Fitness

A strong core is especially important because riders ride mostly with the torso. Whether you realize it or not, your limbs are completely secondary aids to your seat, weight and torso orientation.

You are one of the biggest factors in whether or not your horse can move with balance and relaxation. In this article I’d like to discuss some factors that affect your ability to have that balanced and independent seat, and outline some exercises you can do to help.

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Finding time to exercise can be a challenge at this time of year: farm chores, yard work, summer vacations, competition, you name it, it’s on your plate. Unexpected downtime due to back injury or strain would really put a kink in your summer plans.

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Is it mind over matter? Or just do it until your thinking and feelings catch up? How much of your ride depends on your mental frame? How much depends on your physical self-carriage and ability?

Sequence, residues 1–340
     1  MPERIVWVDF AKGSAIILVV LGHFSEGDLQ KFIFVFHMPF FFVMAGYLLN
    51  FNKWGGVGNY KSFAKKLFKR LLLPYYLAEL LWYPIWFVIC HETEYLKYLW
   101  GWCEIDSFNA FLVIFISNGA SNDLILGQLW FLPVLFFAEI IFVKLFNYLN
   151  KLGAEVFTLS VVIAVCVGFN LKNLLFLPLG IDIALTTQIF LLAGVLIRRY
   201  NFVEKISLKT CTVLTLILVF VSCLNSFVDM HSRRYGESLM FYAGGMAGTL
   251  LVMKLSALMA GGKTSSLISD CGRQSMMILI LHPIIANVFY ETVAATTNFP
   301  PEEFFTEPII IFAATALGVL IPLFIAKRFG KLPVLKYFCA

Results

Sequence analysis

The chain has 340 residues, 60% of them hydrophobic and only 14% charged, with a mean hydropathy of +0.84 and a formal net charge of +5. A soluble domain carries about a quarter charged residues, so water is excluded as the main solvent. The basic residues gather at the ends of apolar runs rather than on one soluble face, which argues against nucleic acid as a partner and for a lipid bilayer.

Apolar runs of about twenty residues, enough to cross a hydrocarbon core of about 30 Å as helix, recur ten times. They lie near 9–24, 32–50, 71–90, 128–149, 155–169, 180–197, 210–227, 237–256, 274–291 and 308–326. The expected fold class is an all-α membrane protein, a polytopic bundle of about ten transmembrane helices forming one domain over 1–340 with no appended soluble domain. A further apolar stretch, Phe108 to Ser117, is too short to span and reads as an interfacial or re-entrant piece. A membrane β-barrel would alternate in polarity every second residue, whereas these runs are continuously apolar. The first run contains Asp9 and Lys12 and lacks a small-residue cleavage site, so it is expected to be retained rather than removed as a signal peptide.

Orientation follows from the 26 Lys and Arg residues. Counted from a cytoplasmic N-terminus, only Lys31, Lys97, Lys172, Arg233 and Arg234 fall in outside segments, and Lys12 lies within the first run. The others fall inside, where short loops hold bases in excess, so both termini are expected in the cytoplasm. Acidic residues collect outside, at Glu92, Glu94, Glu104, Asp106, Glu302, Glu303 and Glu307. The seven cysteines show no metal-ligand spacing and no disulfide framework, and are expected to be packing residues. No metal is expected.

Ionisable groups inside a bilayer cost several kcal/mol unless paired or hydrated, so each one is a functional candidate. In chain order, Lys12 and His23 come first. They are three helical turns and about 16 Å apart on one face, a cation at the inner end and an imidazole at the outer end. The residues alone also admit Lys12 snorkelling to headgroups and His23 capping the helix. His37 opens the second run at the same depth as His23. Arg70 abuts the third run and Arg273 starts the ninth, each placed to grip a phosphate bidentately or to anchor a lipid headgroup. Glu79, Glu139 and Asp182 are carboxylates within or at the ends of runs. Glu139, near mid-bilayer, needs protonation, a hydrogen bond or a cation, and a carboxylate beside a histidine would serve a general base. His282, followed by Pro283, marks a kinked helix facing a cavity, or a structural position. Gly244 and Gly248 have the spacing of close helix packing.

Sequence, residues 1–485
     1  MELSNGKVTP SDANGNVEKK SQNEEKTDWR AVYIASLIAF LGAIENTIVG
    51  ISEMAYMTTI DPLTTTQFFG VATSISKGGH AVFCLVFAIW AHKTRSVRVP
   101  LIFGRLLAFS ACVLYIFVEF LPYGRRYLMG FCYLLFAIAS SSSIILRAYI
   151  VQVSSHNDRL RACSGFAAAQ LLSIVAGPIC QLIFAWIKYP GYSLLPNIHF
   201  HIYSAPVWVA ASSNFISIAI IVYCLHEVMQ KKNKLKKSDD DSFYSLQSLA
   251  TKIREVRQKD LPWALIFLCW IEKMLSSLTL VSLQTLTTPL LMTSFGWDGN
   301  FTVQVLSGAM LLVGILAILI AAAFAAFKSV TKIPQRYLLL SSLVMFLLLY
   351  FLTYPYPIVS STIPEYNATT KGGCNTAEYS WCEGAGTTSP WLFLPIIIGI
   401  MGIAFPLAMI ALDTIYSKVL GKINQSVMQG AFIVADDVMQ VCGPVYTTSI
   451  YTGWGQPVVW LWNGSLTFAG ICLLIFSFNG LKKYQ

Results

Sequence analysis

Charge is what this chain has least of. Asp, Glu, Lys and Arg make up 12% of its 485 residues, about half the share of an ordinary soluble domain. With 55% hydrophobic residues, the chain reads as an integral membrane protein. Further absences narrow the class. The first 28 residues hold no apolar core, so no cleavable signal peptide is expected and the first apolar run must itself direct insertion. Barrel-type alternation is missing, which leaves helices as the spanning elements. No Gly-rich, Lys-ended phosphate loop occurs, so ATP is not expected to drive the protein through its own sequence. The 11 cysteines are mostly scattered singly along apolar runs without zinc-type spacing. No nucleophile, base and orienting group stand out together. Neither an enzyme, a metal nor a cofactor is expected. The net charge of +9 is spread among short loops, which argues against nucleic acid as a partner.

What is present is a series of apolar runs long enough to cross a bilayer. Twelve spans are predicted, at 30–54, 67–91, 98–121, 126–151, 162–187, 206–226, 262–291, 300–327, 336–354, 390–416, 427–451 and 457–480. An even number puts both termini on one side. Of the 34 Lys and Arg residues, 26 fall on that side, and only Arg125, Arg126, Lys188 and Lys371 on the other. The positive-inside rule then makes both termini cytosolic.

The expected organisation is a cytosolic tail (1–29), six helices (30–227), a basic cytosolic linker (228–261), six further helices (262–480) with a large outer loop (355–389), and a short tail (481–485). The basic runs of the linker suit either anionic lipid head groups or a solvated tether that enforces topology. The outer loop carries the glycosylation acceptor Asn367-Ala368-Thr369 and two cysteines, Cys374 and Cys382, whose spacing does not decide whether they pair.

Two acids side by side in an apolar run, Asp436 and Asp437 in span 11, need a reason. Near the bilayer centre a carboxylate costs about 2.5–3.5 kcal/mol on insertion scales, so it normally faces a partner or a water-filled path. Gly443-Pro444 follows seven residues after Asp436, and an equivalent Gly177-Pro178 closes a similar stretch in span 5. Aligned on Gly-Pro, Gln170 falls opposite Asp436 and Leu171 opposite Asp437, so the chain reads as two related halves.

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It’s that time of year again. Whether your show season is starting up again in the next couple of months, or you’re just planning on spending more time in the saddle, some off-horse training can help with stamina, effective aids, posture, and reducing risk of injury when working with your horse.

Riding can be a fantastic growth opportunity for children. Like any other sport, riding provides ample circumstances for children to learn great life skills like good sportsmanship, responsibility, commitment, and active lifestyle habits. Being in a relationship with another living creature and accomplishing tasks together adds further benefits.

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In "How the Pros Stay Fit to Ride, Part 1", I interviewed some of our top Canadian dressage riders to see what they did to cross-train for riding. In this article, I am happy to bring you interviews with top Canadian show jumpers Amy Millar and Amanda Hay.

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